NSCC Pictou Campus expansion proceeding on schedule


Published on April 17, 2017

A construction crew works Monday on extending the water and sewer lines to the new wing of the Nova Scotia Community College campus in Stellarton.

©ADAM MACINNIS/THE NEWS

The expansion of the Nova Scotia Community College is proceeding on schedule and on budget with classes expected to start in the new section this fall.

Dave Freckelton, principal of the Pictou Campus located in Stellarton, said he’s pleased with the progress on the project and excited for the potential the new wing will offer students and staff.

“Everything is going according to plan,” he said.

The $15.2 million expansion was announced in the fall with funding from the federal and provincial governments. Construction began immediately and has continued through the winter with site work and exterior walls erected.

The Trades Innovation Centre will add 38,000 square feet to the local campus to accommodate the carpentry, cabinetry, motor vehicle repair and heavy-duty equipment programs. While allowing the school to expand those programs, which have historically had long wait times, it also frees up space in their existing building for other things.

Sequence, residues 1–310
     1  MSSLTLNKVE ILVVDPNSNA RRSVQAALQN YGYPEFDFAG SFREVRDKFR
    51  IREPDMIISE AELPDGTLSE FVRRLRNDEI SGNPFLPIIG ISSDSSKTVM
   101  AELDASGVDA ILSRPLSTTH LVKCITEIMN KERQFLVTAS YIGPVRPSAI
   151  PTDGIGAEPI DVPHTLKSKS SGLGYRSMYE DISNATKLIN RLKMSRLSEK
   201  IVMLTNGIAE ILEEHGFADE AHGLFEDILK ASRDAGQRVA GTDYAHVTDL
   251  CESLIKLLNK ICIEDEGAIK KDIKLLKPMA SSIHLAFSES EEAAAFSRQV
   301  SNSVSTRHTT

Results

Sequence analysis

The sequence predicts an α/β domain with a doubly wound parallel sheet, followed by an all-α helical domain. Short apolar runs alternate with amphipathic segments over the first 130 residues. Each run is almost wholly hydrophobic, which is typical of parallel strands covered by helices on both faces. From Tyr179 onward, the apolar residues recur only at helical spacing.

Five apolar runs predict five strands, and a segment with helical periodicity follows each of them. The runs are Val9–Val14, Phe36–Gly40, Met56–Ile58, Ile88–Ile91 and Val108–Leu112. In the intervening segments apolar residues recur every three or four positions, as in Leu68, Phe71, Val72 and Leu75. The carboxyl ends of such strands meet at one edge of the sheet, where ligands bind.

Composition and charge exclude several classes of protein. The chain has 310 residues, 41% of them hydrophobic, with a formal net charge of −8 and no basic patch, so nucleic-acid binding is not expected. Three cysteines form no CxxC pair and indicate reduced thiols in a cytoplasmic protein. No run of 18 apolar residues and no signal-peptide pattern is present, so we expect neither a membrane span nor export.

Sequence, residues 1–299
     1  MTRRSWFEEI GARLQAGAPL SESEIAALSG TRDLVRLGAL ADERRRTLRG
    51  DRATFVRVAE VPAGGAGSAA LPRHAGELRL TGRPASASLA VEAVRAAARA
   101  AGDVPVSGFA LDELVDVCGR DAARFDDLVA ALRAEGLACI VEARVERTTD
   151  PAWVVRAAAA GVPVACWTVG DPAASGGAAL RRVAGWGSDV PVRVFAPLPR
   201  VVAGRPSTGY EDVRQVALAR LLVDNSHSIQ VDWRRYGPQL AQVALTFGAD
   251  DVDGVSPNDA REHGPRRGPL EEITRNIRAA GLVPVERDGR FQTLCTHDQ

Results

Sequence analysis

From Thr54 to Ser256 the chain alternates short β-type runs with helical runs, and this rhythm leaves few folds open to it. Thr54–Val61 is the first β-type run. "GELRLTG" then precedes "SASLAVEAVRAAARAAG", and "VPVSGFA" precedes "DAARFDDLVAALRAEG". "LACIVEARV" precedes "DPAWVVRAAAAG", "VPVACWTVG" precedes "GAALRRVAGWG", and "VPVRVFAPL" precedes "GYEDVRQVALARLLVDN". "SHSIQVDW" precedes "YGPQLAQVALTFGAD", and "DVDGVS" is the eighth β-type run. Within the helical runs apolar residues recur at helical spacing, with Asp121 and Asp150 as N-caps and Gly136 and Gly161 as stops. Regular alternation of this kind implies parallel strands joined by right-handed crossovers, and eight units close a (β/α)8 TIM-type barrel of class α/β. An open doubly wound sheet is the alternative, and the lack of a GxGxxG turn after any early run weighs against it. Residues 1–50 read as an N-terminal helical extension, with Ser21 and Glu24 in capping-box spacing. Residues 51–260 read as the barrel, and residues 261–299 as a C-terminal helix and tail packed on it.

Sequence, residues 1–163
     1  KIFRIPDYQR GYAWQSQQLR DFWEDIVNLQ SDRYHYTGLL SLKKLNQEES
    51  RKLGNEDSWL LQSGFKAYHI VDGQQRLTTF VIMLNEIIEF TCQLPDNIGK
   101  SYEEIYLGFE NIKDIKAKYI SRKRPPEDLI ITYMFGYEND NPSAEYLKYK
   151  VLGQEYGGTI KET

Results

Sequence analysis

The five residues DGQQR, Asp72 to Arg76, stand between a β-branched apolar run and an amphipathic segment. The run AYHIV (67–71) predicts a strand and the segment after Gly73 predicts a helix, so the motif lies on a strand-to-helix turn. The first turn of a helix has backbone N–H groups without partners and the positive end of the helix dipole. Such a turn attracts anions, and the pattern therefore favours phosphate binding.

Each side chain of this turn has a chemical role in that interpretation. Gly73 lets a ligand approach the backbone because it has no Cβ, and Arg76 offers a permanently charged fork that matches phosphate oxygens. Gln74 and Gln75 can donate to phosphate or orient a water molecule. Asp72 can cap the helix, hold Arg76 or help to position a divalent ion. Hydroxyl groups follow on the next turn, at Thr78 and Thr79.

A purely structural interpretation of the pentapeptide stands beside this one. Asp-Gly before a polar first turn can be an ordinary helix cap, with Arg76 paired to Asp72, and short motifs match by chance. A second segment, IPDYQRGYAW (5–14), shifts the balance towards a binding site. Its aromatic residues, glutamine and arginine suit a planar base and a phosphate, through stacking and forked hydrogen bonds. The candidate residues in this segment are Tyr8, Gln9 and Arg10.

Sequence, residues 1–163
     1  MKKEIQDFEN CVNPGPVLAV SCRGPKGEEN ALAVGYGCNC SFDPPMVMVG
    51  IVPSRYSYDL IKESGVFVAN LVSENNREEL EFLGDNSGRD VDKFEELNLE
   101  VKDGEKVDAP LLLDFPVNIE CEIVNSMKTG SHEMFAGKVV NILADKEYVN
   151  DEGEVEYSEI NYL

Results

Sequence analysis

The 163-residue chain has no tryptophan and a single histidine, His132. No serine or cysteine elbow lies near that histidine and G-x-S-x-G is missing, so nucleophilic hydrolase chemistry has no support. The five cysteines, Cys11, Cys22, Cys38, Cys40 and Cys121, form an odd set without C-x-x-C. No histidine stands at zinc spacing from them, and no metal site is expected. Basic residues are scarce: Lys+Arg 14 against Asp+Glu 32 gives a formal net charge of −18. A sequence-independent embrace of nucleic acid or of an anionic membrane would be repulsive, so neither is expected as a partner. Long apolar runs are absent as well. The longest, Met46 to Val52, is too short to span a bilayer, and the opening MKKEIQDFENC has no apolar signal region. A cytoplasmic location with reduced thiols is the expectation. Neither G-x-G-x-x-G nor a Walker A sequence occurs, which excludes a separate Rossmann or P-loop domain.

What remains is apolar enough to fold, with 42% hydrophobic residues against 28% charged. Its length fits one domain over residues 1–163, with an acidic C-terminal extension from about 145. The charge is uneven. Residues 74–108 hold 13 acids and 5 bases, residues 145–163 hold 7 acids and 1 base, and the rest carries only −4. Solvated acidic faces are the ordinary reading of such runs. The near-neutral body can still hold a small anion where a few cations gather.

Freckelton said construction crews are now busy working on the interior of the new wing as well as the roof. They also have put a new floor into the gym of the school, which will be completed by the end of April.

Freckelton said that space may be used for storage while the project is completed but when basketball players get to use it again, they’ll notice the difference of the quality of the floor.

The new building will be environmentally efficient, certified to LEED Gold standards with geothermal heating as well as some solar panels.

So far Freckelton said there has been little to no disruption to the day-to-day operations at the school. This week as regular class ends and work experiences begin, the construction crews will be able to move into the existing area for any needed renovations there. He said the business office, for example, inside the school will be moving down the hall temporarily.

When students return Sept. 1, the school should be ready to use.

“I hope I can reflect on this in 10 years that this really made a difference for our community and students,” Freckelton said.